Physicists at the University of Bonn along with researchers from MIT, the universities of Hamburg, Cologne & Padua, and the Jülich Research Center showed that a lower speed limit applies to complex quantum processes for longer distances instead of Mandelstam-Tamm bound for simpler states. The speed limit is determined by both the energy uncertainty along with the number of intermediate states of the particles to successfully reach their destination without interference. The scientists used a cesium atom and an optical lattice made of two laser beams perfectly superimposed but directed against each other. The atom was placed in one of the valleys, created due to interference by the optical lattice, and then set the standing wave in motion which displaced the position of the valley itself. The goal was to get the atom to the target location in the shortest possible time without disrupting the atoms. The extensions of the study provide an application in packing as many computational operations as possible into the coherence time, boosting the sensitivity of quantum sensors, carrying out fundamental tests of quantum superposition states, and implementing fault-tolerant quantum memories.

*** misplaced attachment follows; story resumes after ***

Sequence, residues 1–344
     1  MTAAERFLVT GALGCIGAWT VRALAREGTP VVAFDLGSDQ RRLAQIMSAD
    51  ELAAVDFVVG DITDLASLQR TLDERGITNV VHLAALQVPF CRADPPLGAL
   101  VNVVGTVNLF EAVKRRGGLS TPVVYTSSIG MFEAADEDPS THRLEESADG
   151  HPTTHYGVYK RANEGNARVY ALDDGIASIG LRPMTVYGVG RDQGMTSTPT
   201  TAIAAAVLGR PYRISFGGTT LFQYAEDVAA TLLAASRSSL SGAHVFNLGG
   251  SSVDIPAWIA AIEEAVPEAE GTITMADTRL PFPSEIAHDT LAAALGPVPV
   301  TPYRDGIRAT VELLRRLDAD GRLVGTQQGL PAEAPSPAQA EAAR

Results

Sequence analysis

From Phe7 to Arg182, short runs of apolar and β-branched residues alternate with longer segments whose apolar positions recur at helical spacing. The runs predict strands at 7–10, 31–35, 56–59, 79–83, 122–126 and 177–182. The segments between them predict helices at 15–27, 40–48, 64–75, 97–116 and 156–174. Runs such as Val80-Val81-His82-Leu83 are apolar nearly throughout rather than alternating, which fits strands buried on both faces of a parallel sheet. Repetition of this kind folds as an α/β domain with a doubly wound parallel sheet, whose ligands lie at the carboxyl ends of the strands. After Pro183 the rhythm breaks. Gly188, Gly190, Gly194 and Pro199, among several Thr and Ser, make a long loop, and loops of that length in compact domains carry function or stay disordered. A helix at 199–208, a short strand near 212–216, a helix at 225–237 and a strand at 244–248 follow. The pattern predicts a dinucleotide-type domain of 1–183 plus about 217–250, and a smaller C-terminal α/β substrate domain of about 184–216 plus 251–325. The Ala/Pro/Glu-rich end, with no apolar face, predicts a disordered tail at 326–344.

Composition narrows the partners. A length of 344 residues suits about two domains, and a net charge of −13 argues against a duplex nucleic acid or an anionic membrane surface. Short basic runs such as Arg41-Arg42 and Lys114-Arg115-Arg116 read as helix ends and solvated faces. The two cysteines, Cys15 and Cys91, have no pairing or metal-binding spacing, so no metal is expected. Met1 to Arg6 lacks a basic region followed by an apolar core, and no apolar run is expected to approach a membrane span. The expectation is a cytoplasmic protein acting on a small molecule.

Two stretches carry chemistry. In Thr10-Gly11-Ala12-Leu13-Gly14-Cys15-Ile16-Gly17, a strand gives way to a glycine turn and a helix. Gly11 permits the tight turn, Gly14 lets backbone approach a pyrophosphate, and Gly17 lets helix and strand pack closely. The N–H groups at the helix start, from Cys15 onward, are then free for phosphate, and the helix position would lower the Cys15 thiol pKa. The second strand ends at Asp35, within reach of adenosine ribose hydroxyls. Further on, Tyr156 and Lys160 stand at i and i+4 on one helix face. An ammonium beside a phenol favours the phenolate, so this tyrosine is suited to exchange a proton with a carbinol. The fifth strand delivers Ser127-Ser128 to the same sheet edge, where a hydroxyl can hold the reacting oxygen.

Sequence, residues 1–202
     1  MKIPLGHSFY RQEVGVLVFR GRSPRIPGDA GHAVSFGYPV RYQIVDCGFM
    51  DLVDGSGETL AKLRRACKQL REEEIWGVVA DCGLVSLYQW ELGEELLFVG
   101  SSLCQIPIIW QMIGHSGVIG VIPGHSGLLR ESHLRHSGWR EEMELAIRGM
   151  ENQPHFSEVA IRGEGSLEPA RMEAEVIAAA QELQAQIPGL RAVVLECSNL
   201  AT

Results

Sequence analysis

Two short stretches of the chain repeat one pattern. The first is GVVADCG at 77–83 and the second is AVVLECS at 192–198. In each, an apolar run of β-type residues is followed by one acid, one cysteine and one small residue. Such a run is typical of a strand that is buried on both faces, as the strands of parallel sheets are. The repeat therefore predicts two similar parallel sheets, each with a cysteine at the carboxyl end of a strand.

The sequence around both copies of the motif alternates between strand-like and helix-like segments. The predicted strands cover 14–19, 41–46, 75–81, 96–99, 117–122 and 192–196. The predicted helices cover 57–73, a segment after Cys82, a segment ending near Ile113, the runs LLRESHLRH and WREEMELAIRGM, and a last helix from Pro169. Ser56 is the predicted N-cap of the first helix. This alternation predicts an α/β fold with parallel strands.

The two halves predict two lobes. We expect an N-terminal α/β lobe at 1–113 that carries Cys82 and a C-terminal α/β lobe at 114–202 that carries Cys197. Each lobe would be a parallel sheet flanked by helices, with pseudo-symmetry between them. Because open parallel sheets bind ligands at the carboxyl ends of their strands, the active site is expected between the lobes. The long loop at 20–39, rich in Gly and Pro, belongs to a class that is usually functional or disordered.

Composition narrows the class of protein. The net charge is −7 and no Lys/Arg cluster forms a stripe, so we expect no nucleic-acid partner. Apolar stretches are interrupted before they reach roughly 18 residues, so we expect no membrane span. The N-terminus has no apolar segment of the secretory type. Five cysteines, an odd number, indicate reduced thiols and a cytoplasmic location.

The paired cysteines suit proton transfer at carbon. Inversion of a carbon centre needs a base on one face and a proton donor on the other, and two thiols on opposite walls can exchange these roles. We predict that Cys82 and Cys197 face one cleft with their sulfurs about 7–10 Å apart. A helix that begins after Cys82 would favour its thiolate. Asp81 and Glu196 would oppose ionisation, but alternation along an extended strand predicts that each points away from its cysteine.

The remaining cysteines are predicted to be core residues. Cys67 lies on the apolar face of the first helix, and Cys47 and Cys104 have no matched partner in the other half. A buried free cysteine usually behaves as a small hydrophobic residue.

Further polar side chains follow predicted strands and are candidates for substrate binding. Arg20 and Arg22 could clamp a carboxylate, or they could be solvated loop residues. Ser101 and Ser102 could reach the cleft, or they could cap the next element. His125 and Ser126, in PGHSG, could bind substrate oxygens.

Quantum Computers used to simulate a toy universe with new physics rules
Aalto University researchers used an IBM quantum computer to simulate the evolution of a “toy universe” governed by non-Hermitian Hamiltonians. They observed some exciting results forbidden by regular Hermitian quantum mechanics. Quantum simulation of a single-qubit under a non-Hermitian Hamiltonian, resulted in the observation of the PT-symmetry breaking as the exceptional point is crossed and the associated loss of state distinguishability. This means operations applied to the qubits did not conserve quantum information, a fundamental behavior to standard quantum theory. In the case of a bipartite system with one of the qubits driven by a non-Hermitian Hamiltonian, researchers observed the violation of the entanglement monotonicity, i.e. altering the degree of entanglement by local operations on one of the particles, from standard quantum mechanics. This research will provide new insights into quantum thermodynamics and allow to test the unconventional mathematical ideas. It will also allow simulation and understanding of several novel optical or microwave-based devices that follow these rules.
Breakthrough in building the large-scale modular quantum computers